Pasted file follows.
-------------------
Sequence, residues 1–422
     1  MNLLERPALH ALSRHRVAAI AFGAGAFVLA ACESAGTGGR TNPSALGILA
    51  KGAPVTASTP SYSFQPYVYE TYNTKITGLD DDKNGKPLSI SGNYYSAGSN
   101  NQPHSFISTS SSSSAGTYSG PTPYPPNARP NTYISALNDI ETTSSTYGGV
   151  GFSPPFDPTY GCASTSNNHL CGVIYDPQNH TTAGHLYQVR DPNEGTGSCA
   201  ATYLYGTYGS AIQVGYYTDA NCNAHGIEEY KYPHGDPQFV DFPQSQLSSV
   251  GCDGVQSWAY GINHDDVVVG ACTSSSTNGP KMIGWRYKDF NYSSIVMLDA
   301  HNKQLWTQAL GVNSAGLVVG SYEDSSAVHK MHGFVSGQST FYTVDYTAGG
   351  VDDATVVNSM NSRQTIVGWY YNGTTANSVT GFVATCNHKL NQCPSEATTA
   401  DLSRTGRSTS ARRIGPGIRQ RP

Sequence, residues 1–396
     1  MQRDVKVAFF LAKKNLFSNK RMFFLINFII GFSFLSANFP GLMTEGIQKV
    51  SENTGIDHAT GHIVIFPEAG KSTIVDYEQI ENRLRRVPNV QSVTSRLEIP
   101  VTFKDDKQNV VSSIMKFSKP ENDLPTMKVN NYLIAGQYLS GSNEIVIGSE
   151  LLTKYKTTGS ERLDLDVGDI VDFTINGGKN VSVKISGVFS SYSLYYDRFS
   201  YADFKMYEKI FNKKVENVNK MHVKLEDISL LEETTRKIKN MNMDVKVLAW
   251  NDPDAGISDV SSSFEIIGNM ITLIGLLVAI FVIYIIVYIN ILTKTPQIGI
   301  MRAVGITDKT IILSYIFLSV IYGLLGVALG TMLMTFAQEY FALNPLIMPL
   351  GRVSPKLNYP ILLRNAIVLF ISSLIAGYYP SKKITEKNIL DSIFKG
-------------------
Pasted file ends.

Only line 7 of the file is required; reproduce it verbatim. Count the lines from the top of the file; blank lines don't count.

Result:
   251  GCDGVQSWAY GINHDDVVVG ACTSSSTNGP KMIGWRYKDF NYSSIVMLDA